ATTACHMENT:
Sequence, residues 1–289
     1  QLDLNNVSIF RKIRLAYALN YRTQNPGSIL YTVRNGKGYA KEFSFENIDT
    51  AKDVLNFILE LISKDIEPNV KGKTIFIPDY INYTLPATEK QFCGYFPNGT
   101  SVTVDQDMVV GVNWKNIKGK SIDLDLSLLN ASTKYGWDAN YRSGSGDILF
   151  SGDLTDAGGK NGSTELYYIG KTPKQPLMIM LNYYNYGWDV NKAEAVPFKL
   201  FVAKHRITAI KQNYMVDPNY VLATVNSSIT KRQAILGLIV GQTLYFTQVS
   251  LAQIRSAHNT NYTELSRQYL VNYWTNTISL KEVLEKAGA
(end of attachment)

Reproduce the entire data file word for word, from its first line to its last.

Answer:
Sequence, residues 1–289
     1  QLDLNNVSIF RKIRLAYALN YRTQNPGSIL YTVRNGKGYA KEFSFENIDT
    51  AKDVLNFILE LISKDIEPNV KGKTIFIPDY INYTLPATEK QFCGYFPNGT
   101  SVTVDQDMVV GVNWKNIKGK SIDLDLSLLN ASTKYGWDAN YRSGSGDILF
   151  SGDLTDAGGK NGSTELYYIG KTPKQPLMIM LNYYNYGWDV NKAEAVPFKL
   201  FVAKHRITAI KQNYMVDPNY VLATVNSSIT KRQAILGLIV GQTLYFTQVS
   251  LAQIRSAHNT NYTELSRQYL VNYWTNTISL KEVLEKAGA